12.5.12.1.240: A list of all possible outcomes of an experiment is called a(n) space.
 12.5.12.1.241: Each individual outcome in a sample space is called a sample .
 12.5.12.1.242: If a first experiment can be performed in two distinct ways and a s...
 12.5.12.1.243: A helpful method to determine a sample space is to construct a(n) d...
 12.5.12.1.244: Selecting States If two states are selected at random from the 50 U...
 12.5.12.1.245: Selecting Dates If two dates are selected at random from the 365 da...
 12.5.12.1.246: Selecting Golfballs A bag contains six golfballs, all the same size...
 12.5.12.1.247: Remote Control Your television remote control has buttons for digit...
 12.5.12.1.248: In Exercises 926, use the counting principle to determine the answe...
 12.5.12.1.249: In Exercises 926, use the counting principle to determine the answe...
 12.5.12.1.250: In Exercises 926, use the counting principle to determine the answe...
 12.5.12.1.251: In Exercises 926, use the counting principle to determine the answe...
 12.5.12.1.252: In Exercises 926, use the counting principle to determine the answe...
 12.5.12.1.253: In Exercises 926, use the counting principle to determine the answe...
 12.5.12.1.254: In Exercises 926, use the counting principle to determine the answe...
 12.5.12.1.255: In Exercises 926, use the counting principle to determine the answe...
 12.5.12.1.256: In Exercises 926, use the counting principle to determine the answe...
 12.5.12.1.257: In Exercises 926, use the counting principle to determine the answe...
 12.5.12.1.258: In Exercises 926, use the counting principle to determine the answe...
 12.5.12.1.259: In Exercises 926, use the counting principle to determine the answe...
 12.5.12.1.260: In Exercises 926, use the counting principle to determine the answe...
 12.5.12.1.261: In Exercises 926, use the counting principle to determine the answe...
 12.5.12.1.262: In Exercises 926, use the counting principle to determine the answe...
 12.5.12.1.263: In Exercises 926, use the counting principle to determine the answe...
 12.5.12.1.264: In Exercises 926, use the counting principle to determine the answe...
 12.5.12.1.265: In Exercises 926, use the counting principle to determine the answe...
 12.5.12.1.266: Three Chips Suppose that a bag contains one white chip and two red ...
 12.5.12.1.267: Thumbtacks A thumbtack is dropped on a concrete floor. Assume that ...
 12.5.12.1.268: Ties All my ties are red except two. All my ties are blue except tw...
 12.5.12.1.269: Rock Faces An experiment consists of 3 parts: flipping a coin, toss...
 12.5.12.1.270: Jumble For Exercises 3132, refer to the Recreational Math box on pa...
 12.5.12.1.271: Jumble For Exercises 3132, refer to the Recreational Math box on pa...
Solutions for Chapter 12.5: Probability
Full solutions for A Survey of Mathematics with Applications  9th Edition
ISBN: 9780321759665
Solutions for Chapter 12.5: Probability
Get Full SolutionsThis expansive textbook survival guide covers the following chapters and their solutions. Since 32 problems in chapter 12.5: Probability have been answered, more than 74082 students have viewed full stepbystep solutions from this chapter. A Survey of Mathematics with Applications was written by and is associated to the ISBN: 9780321759665. This textbook survival guide was created for the textbook: A Survey of Mathematics with Applications, edition: 9. Chapter 12.5: Probability includes 32 full stepbystep solutions.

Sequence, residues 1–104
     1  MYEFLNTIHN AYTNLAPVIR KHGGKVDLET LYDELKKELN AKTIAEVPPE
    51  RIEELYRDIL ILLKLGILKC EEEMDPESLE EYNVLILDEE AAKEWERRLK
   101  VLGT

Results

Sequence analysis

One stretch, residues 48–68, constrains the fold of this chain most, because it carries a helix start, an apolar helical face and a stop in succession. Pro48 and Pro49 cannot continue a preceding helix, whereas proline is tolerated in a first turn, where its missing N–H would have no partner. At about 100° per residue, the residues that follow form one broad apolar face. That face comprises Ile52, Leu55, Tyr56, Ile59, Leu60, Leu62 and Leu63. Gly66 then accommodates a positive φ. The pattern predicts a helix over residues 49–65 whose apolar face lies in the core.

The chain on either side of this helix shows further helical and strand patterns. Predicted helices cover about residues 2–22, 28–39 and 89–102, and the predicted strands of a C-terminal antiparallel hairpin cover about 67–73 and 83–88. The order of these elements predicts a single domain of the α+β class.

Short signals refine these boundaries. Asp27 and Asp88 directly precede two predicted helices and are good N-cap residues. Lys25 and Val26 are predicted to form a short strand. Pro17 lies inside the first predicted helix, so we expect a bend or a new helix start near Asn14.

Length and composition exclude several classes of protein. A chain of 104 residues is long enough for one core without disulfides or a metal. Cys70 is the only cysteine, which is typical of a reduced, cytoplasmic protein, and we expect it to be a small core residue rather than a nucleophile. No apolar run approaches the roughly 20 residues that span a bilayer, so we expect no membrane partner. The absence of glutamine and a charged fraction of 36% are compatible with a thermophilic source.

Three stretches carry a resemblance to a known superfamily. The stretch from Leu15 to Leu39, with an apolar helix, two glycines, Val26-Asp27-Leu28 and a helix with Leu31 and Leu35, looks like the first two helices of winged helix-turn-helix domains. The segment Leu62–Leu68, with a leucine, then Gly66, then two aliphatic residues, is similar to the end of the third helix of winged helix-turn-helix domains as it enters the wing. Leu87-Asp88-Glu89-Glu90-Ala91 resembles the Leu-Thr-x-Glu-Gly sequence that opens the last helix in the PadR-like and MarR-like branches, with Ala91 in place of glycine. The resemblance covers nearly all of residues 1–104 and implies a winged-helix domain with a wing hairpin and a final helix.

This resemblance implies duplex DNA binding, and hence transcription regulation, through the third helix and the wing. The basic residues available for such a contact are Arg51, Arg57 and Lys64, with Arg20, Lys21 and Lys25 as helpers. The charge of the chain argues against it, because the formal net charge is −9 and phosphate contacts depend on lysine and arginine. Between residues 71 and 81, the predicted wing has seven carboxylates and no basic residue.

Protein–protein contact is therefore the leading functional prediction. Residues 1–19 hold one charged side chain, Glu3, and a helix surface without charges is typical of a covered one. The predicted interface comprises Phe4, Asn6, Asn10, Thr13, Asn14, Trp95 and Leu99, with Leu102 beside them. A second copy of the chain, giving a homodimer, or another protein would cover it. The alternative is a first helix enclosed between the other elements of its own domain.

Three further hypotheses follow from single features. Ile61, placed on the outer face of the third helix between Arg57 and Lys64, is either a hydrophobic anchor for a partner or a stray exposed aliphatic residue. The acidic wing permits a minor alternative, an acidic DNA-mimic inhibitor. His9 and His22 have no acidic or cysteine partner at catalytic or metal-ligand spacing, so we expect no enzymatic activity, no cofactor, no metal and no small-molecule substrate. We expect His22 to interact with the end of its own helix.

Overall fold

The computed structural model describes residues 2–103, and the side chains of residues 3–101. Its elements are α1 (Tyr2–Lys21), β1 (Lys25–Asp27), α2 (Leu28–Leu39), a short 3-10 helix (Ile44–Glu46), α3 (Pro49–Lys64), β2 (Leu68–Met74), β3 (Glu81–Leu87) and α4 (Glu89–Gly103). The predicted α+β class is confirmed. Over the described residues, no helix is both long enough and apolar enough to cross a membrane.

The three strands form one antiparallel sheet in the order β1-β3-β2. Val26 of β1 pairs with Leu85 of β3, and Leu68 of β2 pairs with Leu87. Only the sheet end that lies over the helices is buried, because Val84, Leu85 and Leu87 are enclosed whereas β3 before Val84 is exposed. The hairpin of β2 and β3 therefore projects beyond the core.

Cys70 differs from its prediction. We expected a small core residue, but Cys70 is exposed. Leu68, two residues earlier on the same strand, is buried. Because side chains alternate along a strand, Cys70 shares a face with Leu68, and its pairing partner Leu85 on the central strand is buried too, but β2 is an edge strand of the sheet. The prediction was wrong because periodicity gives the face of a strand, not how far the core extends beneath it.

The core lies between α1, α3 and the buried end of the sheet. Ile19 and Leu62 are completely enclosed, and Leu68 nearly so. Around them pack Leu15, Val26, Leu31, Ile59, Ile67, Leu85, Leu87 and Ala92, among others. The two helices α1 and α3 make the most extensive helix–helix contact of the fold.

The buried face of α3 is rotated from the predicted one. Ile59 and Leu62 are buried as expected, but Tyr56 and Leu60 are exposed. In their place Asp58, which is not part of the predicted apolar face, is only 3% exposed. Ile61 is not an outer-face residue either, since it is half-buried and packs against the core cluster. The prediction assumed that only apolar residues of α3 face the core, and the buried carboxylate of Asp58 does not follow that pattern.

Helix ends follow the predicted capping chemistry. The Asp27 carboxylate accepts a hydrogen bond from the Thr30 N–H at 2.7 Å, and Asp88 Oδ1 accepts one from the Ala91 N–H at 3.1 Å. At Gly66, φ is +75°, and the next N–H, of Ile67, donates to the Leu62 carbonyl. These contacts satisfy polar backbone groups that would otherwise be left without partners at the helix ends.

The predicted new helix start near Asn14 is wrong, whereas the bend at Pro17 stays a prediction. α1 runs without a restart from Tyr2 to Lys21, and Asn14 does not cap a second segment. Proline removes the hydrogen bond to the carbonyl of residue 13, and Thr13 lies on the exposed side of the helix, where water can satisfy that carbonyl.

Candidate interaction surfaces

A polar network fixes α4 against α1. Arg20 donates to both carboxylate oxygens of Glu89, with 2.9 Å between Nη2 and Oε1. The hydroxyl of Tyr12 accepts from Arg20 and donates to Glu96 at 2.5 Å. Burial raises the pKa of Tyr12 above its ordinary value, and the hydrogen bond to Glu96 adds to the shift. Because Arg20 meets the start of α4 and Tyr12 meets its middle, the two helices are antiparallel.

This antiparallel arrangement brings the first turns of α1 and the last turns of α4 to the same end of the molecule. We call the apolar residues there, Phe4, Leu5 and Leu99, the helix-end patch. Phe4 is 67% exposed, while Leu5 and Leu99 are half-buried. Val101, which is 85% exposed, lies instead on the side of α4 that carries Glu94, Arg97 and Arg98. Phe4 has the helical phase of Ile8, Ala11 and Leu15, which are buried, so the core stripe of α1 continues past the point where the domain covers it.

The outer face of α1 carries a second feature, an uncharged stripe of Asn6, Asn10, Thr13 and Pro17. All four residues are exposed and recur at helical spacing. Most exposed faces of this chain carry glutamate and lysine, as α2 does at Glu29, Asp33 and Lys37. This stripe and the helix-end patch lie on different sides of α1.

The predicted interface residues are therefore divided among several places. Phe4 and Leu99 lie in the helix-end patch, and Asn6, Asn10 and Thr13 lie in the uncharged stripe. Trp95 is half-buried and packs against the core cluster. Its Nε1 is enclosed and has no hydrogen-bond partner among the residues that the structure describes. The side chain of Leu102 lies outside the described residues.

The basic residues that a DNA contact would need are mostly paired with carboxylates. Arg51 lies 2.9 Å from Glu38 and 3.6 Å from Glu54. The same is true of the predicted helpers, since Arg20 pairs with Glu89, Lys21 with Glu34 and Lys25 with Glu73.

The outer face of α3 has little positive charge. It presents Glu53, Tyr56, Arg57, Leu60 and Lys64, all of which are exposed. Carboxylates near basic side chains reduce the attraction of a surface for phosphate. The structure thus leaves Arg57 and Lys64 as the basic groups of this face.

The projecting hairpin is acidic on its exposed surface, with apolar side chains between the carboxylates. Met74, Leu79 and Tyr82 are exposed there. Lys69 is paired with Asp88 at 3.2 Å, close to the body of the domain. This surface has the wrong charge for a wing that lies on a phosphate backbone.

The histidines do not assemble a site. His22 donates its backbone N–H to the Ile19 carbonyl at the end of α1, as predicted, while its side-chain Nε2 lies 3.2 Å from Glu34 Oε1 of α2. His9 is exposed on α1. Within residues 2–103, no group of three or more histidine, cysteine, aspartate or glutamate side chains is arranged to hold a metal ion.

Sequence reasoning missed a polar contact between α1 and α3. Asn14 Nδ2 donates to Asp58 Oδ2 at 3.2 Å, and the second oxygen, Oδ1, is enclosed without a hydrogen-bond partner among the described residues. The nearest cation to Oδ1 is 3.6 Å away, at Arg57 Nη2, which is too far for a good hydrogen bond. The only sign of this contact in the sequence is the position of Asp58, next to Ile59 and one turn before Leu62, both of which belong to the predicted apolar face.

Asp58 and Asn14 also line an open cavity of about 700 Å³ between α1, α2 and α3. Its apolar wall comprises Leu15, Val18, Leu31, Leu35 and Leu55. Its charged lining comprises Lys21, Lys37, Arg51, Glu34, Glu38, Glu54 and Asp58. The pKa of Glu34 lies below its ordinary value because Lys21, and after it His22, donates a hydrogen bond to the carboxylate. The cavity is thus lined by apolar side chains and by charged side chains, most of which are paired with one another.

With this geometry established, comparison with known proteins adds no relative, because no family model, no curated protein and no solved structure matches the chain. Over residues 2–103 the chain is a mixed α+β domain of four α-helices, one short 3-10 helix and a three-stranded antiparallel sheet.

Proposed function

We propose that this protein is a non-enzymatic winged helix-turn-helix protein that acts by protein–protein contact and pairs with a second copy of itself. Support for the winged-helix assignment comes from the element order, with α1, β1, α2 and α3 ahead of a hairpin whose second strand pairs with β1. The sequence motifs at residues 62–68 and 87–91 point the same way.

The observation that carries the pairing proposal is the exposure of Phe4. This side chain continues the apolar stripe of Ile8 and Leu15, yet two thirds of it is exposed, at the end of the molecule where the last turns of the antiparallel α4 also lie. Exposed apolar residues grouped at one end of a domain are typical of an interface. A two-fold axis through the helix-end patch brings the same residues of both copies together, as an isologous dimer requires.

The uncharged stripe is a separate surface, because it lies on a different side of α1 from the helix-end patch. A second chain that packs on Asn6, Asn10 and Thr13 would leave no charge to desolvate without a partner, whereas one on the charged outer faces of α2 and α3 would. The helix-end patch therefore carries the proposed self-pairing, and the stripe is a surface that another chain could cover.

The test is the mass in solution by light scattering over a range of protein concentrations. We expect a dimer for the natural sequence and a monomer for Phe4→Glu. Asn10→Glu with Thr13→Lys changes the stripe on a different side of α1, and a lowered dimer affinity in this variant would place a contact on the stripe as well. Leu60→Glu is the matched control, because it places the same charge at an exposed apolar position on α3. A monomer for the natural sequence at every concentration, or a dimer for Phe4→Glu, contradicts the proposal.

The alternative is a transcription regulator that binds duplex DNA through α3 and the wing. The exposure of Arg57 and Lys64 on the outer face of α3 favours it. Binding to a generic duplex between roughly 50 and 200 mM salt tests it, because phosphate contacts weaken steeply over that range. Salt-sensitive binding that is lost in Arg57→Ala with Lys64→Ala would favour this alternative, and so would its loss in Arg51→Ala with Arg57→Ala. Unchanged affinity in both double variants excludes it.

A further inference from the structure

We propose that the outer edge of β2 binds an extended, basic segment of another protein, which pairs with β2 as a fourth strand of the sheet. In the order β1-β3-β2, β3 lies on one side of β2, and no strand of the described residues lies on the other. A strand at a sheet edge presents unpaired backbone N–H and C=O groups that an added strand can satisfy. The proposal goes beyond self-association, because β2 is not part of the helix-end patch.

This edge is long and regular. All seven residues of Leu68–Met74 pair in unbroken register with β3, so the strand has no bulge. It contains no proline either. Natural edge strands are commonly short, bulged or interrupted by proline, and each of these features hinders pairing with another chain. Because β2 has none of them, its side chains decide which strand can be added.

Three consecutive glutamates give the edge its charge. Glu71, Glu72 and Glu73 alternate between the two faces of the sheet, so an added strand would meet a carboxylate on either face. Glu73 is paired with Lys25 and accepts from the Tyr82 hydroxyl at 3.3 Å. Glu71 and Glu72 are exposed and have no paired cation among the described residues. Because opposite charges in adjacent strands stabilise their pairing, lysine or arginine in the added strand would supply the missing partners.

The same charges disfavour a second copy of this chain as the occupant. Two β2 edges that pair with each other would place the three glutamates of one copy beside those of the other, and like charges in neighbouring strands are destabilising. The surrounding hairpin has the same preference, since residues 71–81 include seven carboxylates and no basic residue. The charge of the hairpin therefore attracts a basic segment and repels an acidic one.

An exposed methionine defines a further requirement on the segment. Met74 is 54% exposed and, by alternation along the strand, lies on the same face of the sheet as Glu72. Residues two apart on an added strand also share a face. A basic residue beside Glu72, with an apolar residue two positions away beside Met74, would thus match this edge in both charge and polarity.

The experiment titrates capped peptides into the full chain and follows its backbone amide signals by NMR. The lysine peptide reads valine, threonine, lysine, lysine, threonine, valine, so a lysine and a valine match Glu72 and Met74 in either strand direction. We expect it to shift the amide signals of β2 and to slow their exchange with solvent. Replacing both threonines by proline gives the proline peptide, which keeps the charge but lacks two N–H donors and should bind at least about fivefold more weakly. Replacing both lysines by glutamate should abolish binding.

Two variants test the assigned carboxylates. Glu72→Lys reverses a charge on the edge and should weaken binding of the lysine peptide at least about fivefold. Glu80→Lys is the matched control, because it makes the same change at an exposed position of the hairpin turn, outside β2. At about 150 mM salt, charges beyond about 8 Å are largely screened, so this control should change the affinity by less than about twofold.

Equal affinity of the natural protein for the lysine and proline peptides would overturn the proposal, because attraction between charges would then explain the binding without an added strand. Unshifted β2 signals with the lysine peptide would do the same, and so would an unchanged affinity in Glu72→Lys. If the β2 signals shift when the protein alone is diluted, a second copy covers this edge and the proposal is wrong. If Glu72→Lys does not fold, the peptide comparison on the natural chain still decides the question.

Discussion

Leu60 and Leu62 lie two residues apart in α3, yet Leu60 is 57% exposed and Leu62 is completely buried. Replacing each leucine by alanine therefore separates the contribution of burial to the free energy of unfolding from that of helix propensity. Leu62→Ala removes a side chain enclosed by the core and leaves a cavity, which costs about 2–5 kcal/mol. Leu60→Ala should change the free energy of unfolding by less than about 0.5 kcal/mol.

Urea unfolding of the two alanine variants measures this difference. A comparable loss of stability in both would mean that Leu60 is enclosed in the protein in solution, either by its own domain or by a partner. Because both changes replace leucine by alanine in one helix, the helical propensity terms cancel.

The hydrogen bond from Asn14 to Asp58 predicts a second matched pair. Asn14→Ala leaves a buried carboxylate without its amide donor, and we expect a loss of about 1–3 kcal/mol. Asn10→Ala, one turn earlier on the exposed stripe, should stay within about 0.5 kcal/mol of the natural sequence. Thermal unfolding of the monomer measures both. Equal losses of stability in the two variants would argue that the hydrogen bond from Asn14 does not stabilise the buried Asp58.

Affine transformation
Tv = Av + Vo = linear transformation plus shift.

Column space C (A) =
space of all combinations of the columns of A.

Complex conjugate
z = a  ib for any complex number z = a + ib. Then zz = Iz12.

Covariance matrix:E.
When random variables Xi have mean = average value = 0, their covariances "'£ ij are the averages of XiX j. With means Xi, the matrix :E = mean of (x  x) (x  x) T is positive (semi)definite; :E is diagonal if the Xi are independent.

Diagonalizable matrix A.
Must have n independent eigenvectors (in the columns of S; automatic with n different eigenvalues). Then SI AS = A = eigenvalue matrix.

Diagonalization
A = S1 AS. A = eigenvalue matrix and S = eigenvector matrix of A. A must have n independent eigenvectors to make S invertible. All Ak = SA k SI.

Fourier matrix F.
Entries Fjk = e21Cijk/n give orthogonal columns FT F = nI. Then y = Fe is the (inverse) Discrete Fourier Transform Y j = L cke21Cijk/n.

Hilbert matrix hilb(n).
Entries HU = 1/(i + j 1) = Jd X i 1 xj1dx. Positive definite but extremely small Amin and large condition number: H is illconditioned.

Identity matrix I (or In).
Diagonal entries = 1, offdiagonal entries = 0.

Krylov subspace Kj(A, b).
The subspace spanned by b, Ab, ... , AjIb. Numerical methods approximate A I b by x j with residual b  Ax j in this subspace. A good basis for K j requires only multiplication by A at each step.

Least squares solution X.
The vector x that minimizes the error lie 112 solves AT Ax = ATb. Then e = b  Ax is orthogonal to all columns of A.

Left inverse A+.
If A has full column rank n, then A+ = (AT A)I AT has A+ A = In.

Multiplier eij.
The pivot row j is multiplied by eij and subtracted from row i to eliminate the i, j entry: eij = (entry to eliminate) / (jth pivot).

Nullspace N (A)
= All solutions to Ax = O. Dimension n  r = (# columns)  rank.

Particular solution x p.
Any solution to Ax = b; often x p has free variables = o.

Spectrum of A = the set of eigenvalues {A I, ... , An}.
Spectral radius = max of IAi I.

Symmetric factorizations A = LDLT and A = QAQT.
Signs in A = signs in D.

Vector addition.
v + w = (VI + WI, ... , Vn + Wn ) = diagonal of parallelogram.

Vector space V.
Set of vectors such that all combinations cv + d w remain within V. Eight required rules are given in Section 3.1 for scalars c, d and vectors v, w.

Volume of box.
The rows (or the columns) of A generate a box with volume I det(A) I.